Brainstem changes underlie sound sensitivity in fragile X mouse model

December 26, 2017, Society for Neuroscience
Ventral cochlear nucleus cells stained with fluorescent Nissl in wild type (top) and Fmr1 KO (bottom) mice at P1, P6, and P14. Credit: Rotschafer & Cramer, eNeuro (2017)

Developmental changes in the brainstem driven by fragile X syndrome (FXS)—a condition that often co-occurs with autism spectrum disorder in humans—may underlie the hypersensitivity to sound observed in both humans and a mouse model of the disorder, according to animal research published in eNeuro.

Sarah Rotschafer and Karina Cramer studied groups of sound-processing neurons in the brainstem of mice that are genetically altered to model FXS through reduced expression of the fragile X mental retardation protein (FMRP). The researchers found reduced cell sizes in FXS mice of different ages relative to mice with typical levels of FMRP.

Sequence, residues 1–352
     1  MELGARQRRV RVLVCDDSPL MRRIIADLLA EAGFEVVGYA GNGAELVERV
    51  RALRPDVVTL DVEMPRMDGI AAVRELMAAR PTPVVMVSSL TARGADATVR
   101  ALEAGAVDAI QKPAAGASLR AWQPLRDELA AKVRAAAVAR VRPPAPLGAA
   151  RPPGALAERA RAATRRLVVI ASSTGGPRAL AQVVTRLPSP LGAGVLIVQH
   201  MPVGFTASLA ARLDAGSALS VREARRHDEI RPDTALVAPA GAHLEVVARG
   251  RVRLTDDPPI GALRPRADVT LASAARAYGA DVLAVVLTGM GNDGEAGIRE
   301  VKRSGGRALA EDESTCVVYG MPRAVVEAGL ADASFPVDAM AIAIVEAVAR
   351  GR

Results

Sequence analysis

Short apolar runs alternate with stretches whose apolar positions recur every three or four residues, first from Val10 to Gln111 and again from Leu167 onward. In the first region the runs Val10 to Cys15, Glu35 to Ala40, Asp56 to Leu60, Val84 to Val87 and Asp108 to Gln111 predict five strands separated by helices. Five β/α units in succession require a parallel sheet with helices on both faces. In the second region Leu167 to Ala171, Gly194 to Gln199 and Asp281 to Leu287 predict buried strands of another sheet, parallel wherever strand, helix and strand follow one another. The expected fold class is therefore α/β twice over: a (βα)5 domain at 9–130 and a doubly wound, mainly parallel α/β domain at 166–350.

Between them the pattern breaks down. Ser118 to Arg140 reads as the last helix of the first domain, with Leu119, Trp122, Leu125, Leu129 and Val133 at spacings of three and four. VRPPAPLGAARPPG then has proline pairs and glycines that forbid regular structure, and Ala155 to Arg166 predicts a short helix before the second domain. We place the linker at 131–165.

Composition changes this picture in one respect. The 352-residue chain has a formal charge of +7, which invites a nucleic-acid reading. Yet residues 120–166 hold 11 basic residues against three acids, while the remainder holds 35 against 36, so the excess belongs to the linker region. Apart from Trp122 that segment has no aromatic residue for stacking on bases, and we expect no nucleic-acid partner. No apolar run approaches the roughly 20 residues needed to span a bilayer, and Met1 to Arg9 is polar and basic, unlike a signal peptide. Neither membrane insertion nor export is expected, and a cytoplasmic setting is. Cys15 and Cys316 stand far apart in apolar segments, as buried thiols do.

These differences emerged in the studied cell groups at various stages of development, including very early on before the circuits supporting hearing have come online.

Despite FXS being more common in males than females, the authors did not observe any sex differences in the development of the .

These findings indicate a role for FMRP in the development of the auditory system, which is disrupted in this FXS mouse model.

Explore further: Treatment window for Fragile X likely doesn't close after childhood

More information: Developmental emergence of phenotypes in the auditory brainstem nuclei of Fmr1 knockout mice, eNeuro DOI: 10.1523/ENEURO.0264-17.2017

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